Team USA and the Tokyo Olympics: By the numbers

Alyssa Hertel
USA TODAY

With less than a week until the opening ceremony of the Tokyo Olympics, the United States’ roster is being finalized. Over 600 U.S. athletes will travel to Japan in hopes of clinching a medal, but there are more to those numbers than meets the eye.

One U.S. Olympian is appearing in his seventh Games. Over 400 other athletes are competing in their first Olympics, including nearly a dozen who are high-school-aged.

At least 14 Olympians are traveling to Tokyo with a sibling while several athletes will compete in the Games alongside their partner – like married cyclists Laura and Jason Kenny, who have won a combined 10 gold medals, and engaged power couple Megan Rapinoe and Sue Bird, who have five Olympic golds.

Women lead the way for all returning Olympians in medals won, and they have the numbers to have continued success, with women making up over half of the U.S. Olympic roster.

A woman walks by the Olympic rings installed by the Nippon Bashi bridge in Tokyo on Thursday, July 15.

From medalists to money spent, take a look at some of the numbers surrounding the Tokyo Games: 

COVID-19 concerns

While nearly half of the United States’ population is fully vaccinated, coronavirus cases have surged to a six-month high in Tokyo a week before the Olympics. On average, there are 757 new COVID-19 cases daily as of July 12, and 80% of people in Japan want the Tokyo Games canceled or postponed until the threat of the virus subsides.

It looks like the Olympics will continue as planned but without at least one country – North Korea, which pulled out of Tokyo citing coronavirus concerns. It is estimated that Japan will spend nearly $900 million on COVID-19 countermeasures, including daily tests for over 11,000 athletes. Still, Japan could suffer catastrophic economic losses – $22 billion by one estimate – by not allowing spectators at the Games in an attempt to keep infection rates from rising even more.

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Renewable resources

As Tokyo prepares to host its second-ever Olympics, the city committed to minimizing the environmental impact of the Games. In total, 5,000 medals – for three places in 50 disciplines across 33 sports – were made out of 79,000 tons of recycled electronics. The donated devices produced 32 kg of gold, 3,500 kg of silver and 2,200 kg of bronze.

All 42 of this year’s Olympic and Paralympic venues will run on 100% renewable energy.

Team USA, by the numbers

The United States is sending 621 athletes to Tokyo, which includes the alternates for women’s soccer, men’s and women’s rugby and water polo.

Team USA returns 193 prior Olympians to this year's Games. Equestrian Phillip Dutton leads all returning Olympians with his seventh appearance at the Games. Behind Dutton are seven five-time Olympians: equestrian Steffen Peters, basketball players Sue Bird and Diana Taurasi, track athletes Abdi Abdirahman and Allyson Felix, fencer Mariel Zagunis and water polo’s Jesse Smith.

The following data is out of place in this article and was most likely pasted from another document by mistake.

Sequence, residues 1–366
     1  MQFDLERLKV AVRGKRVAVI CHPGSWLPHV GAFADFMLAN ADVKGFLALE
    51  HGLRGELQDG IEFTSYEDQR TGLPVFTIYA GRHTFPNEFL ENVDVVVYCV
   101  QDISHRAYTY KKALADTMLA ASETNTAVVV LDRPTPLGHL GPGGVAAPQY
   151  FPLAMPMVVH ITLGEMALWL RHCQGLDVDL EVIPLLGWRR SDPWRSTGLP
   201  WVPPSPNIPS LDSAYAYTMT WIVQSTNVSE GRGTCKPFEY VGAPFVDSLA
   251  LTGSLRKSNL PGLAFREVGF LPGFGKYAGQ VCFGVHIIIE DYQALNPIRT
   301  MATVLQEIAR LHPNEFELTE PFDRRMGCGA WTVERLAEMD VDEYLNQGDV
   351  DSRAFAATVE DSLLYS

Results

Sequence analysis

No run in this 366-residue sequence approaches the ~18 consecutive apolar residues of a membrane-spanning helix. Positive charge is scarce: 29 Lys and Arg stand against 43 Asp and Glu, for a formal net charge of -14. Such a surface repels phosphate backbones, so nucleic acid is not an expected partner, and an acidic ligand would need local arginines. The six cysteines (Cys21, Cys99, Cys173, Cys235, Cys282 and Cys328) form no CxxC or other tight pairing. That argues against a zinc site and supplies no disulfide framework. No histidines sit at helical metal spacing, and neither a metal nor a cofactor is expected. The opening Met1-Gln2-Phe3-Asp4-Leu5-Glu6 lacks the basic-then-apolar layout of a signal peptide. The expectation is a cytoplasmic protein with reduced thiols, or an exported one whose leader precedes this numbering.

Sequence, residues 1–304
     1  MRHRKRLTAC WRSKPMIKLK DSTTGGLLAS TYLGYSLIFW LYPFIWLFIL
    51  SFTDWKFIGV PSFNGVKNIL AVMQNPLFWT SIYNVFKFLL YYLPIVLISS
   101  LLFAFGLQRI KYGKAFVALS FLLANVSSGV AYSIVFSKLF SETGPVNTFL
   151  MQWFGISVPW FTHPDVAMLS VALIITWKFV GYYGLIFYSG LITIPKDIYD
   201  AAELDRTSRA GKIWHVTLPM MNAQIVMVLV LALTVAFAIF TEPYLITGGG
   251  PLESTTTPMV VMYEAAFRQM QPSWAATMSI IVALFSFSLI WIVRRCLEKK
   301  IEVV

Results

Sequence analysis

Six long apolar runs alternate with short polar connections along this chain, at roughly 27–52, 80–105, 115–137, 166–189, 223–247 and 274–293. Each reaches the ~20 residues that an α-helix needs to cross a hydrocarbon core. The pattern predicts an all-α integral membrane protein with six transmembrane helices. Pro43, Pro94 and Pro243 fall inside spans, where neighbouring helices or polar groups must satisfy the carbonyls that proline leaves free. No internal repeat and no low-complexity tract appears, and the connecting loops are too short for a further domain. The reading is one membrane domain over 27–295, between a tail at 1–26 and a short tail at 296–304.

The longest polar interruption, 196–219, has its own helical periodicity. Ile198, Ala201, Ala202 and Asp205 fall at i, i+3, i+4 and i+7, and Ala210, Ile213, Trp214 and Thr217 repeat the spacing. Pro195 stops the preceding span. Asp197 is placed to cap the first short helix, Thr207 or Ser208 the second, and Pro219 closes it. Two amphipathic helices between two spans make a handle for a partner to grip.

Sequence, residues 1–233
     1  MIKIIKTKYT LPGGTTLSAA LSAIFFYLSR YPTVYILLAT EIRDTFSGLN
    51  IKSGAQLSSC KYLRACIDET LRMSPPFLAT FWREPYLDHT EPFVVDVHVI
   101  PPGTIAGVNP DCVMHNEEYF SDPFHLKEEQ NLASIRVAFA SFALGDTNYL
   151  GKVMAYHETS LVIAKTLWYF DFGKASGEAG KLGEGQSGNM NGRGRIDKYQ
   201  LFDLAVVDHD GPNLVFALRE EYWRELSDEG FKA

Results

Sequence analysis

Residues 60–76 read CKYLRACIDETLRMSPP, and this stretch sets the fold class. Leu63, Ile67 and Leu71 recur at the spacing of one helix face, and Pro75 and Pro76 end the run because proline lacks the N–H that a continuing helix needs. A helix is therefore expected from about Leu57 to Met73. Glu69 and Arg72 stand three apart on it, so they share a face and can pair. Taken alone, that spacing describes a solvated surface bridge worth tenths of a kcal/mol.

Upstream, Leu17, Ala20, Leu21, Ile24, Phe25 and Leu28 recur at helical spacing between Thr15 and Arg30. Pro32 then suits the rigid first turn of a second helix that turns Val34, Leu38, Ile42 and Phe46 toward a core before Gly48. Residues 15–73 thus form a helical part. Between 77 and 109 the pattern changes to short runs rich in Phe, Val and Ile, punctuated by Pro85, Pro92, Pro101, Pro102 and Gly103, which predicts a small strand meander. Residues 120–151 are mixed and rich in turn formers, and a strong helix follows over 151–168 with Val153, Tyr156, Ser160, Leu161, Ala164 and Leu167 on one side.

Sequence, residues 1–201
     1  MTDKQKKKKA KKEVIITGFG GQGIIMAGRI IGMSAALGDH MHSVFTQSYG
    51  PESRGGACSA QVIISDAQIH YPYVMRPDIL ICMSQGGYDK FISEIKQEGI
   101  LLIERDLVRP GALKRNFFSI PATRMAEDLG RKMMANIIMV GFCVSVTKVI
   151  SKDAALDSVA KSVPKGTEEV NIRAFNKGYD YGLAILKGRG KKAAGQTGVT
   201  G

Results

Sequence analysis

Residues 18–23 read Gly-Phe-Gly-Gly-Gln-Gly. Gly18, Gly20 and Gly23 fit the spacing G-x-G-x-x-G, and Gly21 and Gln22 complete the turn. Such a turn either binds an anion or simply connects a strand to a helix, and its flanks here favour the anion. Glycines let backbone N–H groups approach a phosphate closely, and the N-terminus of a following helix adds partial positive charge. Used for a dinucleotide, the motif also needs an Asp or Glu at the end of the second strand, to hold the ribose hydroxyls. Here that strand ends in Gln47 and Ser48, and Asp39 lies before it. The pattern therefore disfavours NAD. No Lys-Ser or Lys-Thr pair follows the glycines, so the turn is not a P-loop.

The U.S. roster boasts 100 medalists, including 54 gold medalists. 

Age is but a number

Hutton is also the United States’ oldest athlete at age 57, while swimmer Katie Grimes is the youngest at age 15. Swimming has the two youngest Olympians, with Bella Sims turning 16 on May 25.

There are 11 athletes younger than 18 on Team USA’s roster, including Grimes and Sims, archer Casey Kaufhold, canoe/kayaker Evy Leibfarth, swimmer Lydia Jacoby, swimmer Claire Curzan, tennis player Coco Gauff, track and field’s Erriyon Knighton, climber Colin Duffy, and skateboarders Brighton Zeuner and Bryce Wettstein. Four 18-year-olds – divers Tyler Downs and Hailey Hernandez, gymnast Sunisa Lee and table tennis player Nikhil Kumar – round out the youngsters.

Girl Power

This is the third straight Olympics where Team USA has more women on the roster (329) than men (284).

Of all 621 athletes on Team USA, the top nine leading medalists are all women. Felix leads the way with nine medals, including six golds. Swimmer Allison Schmitt is close behind with eight medals, including four gold. Rounding out the remaining seven leading women are swimmer Katie Ledecky (six medals), gymnast Simone Biles (five medals), and four-time medalists Bird and Taurasi, fencer Zagunis and swimming’s Simone Manuel.

Allyson Felix competes in the Women' 200 Meters Semi-Finals during day eight of the 2020 U.S. Olympic Track & Field Team Trials at Hayward Field on June 25, 2021.

Sibling rivalry

For those that can stand their sibling in small doses, imagine competing on an Olympic team together? There are at least six sets of siblings representing the United States in Tokyo, including Jessica and Nelly Korda (golf), Henry Leverett and Jack Leverett III (shooting), Phillip and Ryan Chew (badminton), Kristie and Samantha Mewis (soccer), Erik and Kawika Shoji (volleyball), and Aria and Makenzie Fischer (water polo).

There is also one unofficial bonus set of siblings: fencer Alexander Massialas’ sister, Sabrina, joins the fencing team as an alternate.

Contact Alyssa Hertel at ahertel@usatoday.com or on Twitter @AlyssaHertel.